President Trump meets with British Prime Minister May

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President Donald Trump hailed the “special relationship” between the United States and the United Kingdom alongside his British counterpart Friday, saying the bond “has been one of the great forces of history.”

Prime Minister Theresa May underscored the sentiment, saying Queen Elizabeth II invited Trump for a state visit later this year.

“Our relationship has never been stronger,” Trump said in opening remarks to a joint news conference.

He said both he and May were adamant that governments “be responsive to everyday working people” and show respect for their citizens.

The joint appearance caps a turbulently productive seven days in office for Trump.

After rapid-clip executive actions during his first working week, Trump may face questions about the implications of his moves, which include reauthorizing the Keystone and Dakota Access pipelines and ordering the federal government to begin constructing a wall along the US-Mexico border.

Details on how to pay for the wall are slim, however, and the White House on Thursday only fostered uncertainty when Trump’s spokesman raised the possibility of a 20% import tax, only to later suggest the tariff was merely one of several proposals.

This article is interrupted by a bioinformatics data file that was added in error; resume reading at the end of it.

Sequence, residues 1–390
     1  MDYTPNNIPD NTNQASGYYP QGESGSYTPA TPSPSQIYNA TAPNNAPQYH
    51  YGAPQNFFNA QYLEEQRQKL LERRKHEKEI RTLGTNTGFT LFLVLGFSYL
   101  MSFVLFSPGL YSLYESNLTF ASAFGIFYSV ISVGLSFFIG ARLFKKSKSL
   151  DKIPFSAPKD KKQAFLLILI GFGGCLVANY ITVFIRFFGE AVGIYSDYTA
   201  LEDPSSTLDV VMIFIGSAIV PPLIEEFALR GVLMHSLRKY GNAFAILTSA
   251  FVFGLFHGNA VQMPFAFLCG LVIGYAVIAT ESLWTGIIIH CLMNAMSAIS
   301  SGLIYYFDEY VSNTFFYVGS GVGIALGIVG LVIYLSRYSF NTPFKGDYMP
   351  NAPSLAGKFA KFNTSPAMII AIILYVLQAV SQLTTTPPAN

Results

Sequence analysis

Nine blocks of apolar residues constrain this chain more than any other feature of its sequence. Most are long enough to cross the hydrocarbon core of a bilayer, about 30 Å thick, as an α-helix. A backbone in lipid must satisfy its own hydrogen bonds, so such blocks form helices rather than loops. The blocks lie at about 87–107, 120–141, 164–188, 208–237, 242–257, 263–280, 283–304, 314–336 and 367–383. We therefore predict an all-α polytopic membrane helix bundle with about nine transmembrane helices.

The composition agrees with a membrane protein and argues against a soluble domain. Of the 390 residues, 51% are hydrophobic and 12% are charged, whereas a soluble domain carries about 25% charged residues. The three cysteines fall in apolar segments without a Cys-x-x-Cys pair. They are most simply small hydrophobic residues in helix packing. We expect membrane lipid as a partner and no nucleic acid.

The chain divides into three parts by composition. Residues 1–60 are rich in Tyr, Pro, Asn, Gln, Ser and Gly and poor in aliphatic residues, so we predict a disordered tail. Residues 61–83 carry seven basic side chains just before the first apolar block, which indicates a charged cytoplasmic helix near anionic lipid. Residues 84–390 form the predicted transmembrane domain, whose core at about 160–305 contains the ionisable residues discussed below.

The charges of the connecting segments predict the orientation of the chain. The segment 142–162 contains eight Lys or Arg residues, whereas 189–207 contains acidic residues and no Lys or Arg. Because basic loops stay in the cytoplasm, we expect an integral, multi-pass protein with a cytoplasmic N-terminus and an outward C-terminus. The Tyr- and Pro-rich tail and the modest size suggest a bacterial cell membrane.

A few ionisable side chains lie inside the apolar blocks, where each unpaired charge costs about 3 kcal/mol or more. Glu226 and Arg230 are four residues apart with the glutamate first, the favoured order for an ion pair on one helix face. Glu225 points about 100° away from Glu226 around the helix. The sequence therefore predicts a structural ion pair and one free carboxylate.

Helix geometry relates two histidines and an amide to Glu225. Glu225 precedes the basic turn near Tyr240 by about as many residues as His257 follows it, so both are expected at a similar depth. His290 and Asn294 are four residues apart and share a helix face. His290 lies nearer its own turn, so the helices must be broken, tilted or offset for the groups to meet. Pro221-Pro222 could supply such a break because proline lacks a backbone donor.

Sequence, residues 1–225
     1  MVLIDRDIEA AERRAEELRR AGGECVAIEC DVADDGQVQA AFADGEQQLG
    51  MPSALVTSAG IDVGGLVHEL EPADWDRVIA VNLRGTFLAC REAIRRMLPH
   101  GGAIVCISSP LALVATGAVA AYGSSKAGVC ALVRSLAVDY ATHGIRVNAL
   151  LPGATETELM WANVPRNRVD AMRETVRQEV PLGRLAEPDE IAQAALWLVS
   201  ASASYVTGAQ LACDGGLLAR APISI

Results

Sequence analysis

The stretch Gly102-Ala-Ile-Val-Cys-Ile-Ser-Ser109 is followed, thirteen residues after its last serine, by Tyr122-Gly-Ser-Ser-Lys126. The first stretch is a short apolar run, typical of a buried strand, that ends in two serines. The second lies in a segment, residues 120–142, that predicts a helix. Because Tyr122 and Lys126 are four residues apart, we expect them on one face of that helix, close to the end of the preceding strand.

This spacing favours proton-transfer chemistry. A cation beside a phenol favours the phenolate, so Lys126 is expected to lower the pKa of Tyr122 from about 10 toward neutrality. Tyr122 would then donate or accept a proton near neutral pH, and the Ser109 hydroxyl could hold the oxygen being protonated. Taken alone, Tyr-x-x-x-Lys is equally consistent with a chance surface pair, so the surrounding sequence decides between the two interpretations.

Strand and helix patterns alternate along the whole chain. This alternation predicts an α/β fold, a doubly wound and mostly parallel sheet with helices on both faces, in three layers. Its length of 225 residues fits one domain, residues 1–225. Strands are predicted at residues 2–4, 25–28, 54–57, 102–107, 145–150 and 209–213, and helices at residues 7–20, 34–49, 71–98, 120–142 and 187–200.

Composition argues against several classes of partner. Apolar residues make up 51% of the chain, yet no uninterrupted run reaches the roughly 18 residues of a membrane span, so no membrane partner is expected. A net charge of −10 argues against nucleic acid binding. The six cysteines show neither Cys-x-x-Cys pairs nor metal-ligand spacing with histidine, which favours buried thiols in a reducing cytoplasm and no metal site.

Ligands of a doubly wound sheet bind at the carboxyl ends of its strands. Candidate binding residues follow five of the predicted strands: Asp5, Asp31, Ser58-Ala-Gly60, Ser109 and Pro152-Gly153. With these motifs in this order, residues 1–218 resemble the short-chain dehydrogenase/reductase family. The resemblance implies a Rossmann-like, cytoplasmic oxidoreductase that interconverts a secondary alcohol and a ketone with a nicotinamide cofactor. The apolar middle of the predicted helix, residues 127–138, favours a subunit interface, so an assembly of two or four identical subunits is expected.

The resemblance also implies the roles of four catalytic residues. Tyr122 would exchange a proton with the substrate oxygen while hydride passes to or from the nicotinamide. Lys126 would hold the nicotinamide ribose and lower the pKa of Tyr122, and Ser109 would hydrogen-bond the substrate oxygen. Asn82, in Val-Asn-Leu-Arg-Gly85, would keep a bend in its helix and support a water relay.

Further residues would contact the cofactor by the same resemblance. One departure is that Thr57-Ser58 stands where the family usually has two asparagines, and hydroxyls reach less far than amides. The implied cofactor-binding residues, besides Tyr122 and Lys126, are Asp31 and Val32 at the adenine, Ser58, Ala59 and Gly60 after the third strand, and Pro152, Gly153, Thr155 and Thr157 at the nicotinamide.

Trump has conceded in interviews this week the wall would be initially funded by the US, only to be reimbursed at a later point by Mexico. Trump repeatedly promised on the campaign trail that Mexico would pay for the wall. He could weigh in further Friday.

Trump this week also withdrew the US from the Trans Pacific Partnership trade deal, vowing instead to pursue one-on-one trade plans with individual nations. Trump and Theresa May both say they hope to begin work toward their own bilateral trade agreement during Oval Office talks on Friday, but details of such an agreement are still far off.

Trump is a vocal proponent of Britain’s exit from the European Union, and Brexit negotiations were likely to arise during Friday’s news conference.

For Trump, the event is an opportunity to fully capitalize on his new office, trading the lobby of Trump Tower — the site of his last fiery news conference — for the iconic gold curtains and presidential podium in the East Room.

Vastly different in persona, the bombastic Trump and the more sober May will provide a juxtaposition of diplomatic approaches in their joint appearance. May and Trump both took office on a wave of populism, but deep differences remain between the pair. Trump’s vow to revive torture practices, including waterboarding, could prove divisive for the two leaders.

Like presidents before him, Trump is expected to take two questions from American reporters, while May will take two questions herself from a UK media contingent. Typically, the US president also weighs in on the foreign journalists’ questions.

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